New Compounds that Target HIV

The battle against HIV is one in which progress has been slow. Antiretroviral therapies, however, have successfully limited the viral load in patients. More good news has come to light in regards to life expectancy. Statistics show that life expectancies of the HIV-infected are quickly approaching those of the general population. Still, there is more ground to be covered. Researchers have discovered compounds that target HIV and stop it from reproducing. Further research may reveal a new way to treat HIV and perhaps even stop it in its tracks.

Some of these compounds include ribonucleoside analogs 8-azaadenosine, 3-deazauridine, formycin A, 2′-C-methylcytidine, and 5-fluorocytidine. Their jobs are to target the HIV’s DNA and induce a lethal mutation. Prevention of reproduction occurs, thus preventing the spread of the virus throughout the body. By blocking DNA synthesis, some of these compounds create so many mutations that the HIV is completely immobilized. Exactly how the synthesis is so effectively blocked—and the processes the compounds go through to make this happen—are unknown. How the mutations occur is also unknown. Although the discovery came as a surprise, it’s one that has a multitude of potential benefits.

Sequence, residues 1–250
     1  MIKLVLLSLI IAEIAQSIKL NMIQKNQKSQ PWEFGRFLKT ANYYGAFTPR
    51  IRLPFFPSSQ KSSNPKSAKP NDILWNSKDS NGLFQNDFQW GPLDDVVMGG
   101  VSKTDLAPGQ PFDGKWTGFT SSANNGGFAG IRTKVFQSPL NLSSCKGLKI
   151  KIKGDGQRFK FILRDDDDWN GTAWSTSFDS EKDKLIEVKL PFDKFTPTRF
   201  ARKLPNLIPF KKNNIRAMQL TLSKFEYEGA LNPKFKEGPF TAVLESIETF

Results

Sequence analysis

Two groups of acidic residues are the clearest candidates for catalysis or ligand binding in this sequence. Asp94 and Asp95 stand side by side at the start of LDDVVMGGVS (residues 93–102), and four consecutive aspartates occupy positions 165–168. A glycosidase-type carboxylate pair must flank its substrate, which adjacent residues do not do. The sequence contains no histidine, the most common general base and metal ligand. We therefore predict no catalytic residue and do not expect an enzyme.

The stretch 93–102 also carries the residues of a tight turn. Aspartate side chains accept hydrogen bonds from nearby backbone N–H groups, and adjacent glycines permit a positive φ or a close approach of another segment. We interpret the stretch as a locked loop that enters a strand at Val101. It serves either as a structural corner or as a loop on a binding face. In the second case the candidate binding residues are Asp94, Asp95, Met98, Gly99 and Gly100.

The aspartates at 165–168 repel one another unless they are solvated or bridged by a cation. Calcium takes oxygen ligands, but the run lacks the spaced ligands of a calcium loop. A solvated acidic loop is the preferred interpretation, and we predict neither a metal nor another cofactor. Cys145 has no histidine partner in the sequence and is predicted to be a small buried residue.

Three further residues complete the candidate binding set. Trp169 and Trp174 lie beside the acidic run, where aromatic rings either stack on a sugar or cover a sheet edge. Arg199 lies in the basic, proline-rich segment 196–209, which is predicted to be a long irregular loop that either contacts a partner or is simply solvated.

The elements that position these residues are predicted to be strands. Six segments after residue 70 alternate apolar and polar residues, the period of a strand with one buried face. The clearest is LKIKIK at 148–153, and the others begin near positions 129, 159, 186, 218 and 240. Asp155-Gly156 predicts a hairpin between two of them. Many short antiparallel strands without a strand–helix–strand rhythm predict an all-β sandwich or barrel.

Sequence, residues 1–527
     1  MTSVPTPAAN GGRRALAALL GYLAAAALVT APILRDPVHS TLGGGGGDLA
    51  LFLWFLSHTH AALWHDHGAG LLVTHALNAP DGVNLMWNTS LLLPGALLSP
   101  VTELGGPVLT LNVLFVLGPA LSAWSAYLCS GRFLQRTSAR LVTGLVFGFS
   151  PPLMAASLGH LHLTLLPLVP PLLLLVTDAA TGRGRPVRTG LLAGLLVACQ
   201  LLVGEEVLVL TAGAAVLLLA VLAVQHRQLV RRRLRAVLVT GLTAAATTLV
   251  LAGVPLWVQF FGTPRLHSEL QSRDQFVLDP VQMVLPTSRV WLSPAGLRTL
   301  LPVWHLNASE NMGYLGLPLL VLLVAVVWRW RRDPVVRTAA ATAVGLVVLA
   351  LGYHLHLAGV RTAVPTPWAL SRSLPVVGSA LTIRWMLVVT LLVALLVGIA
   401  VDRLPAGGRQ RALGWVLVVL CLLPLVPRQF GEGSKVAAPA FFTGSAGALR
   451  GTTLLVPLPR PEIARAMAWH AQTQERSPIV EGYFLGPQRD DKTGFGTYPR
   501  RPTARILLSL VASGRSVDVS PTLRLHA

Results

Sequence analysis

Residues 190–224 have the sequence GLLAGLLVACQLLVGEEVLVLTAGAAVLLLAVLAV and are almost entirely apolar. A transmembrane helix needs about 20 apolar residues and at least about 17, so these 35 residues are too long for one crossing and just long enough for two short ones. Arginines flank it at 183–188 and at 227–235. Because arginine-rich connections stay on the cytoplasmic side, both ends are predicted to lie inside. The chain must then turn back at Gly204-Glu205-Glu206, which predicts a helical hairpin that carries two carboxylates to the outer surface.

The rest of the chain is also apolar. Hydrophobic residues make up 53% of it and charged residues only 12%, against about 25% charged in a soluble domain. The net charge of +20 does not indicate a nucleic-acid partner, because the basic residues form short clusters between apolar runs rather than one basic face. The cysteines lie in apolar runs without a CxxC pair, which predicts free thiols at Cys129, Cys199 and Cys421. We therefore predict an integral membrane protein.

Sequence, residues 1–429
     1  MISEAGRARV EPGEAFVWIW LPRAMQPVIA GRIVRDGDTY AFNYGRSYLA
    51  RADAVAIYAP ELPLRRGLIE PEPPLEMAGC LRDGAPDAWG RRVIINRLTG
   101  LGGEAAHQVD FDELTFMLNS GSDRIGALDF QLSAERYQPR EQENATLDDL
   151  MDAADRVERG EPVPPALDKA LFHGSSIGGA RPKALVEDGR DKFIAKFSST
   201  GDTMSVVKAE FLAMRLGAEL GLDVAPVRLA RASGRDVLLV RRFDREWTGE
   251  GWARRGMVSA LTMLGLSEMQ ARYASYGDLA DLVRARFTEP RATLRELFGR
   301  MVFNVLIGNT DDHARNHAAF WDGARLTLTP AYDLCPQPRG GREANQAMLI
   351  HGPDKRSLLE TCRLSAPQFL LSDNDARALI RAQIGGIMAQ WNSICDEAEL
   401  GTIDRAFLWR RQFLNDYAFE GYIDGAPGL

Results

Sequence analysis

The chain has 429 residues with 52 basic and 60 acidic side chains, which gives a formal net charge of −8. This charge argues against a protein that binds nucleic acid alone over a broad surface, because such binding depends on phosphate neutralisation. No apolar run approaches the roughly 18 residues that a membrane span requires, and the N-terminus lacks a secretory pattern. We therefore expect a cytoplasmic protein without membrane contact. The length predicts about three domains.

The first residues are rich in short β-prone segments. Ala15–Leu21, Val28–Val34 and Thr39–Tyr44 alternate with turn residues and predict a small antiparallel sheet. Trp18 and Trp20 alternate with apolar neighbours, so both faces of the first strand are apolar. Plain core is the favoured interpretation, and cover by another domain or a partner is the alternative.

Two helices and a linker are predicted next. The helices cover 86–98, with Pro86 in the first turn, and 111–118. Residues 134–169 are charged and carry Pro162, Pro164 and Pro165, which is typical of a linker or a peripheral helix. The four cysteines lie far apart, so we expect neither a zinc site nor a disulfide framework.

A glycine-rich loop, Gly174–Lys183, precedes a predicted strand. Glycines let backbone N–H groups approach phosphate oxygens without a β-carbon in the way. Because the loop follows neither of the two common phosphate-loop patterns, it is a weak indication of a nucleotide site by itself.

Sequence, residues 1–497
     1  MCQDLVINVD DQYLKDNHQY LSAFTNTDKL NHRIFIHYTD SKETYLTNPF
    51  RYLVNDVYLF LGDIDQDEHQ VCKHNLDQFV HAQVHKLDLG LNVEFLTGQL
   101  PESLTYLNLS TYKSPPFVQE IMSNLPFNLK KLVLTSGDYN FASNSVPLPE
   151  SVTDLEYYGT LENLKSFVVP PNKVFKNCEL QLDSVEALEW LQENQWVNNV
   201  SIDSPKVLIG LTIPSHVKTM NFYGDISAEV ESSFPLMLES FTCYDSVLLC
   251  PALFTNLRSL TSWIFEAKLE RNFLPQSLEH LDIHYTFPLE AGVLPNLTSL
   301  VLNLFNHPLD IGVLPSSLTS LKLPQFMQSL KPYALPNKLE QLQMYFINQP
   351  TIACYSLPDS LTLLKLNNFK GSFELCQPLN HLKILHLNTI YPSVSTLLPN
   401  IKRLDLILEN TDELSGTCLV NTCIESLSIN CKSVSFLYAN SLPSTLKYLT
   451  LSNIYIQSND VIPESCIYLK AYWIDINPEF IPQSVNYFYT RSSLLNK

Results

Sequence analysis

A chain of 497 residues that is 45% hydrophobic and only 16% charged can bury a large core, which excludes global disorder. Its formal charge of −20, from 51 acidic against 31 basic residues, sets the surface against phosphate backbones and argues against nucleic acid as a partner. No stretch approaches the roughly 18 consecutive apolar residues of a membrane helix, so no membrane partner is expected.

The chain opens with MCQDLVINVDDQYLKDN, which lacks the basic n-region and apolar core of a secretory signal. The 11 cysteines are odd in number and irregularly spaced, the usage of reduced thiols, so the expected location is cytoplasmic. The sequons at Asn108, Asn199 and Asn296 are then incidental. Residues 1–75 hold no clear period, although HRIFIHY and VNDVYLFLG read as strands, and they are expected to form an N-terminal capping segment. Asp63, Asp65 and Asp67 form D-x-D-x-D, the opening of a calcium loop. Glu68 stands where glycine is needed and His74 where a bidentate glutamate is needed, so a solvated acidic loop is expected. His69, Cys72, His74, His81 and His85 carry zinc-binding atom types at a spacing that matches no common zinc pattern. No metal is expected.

Even though more research is necessary in order to completely understand the functions and processes involved in these reactions, there remains great promise. To begin with, these compounds are relatively inexpensive when compared to the cost of creating the drugs available on the market to treat HIV. Next, these compounds are efficient. This leads researchers to suspect that even drug-resistant forms of the virus can be treated where other forms of therapy have failed. Lastly, these ribonucleoside compounds are likely to at least slow the spread of HIV, which is known to be a quickly-spreading infection.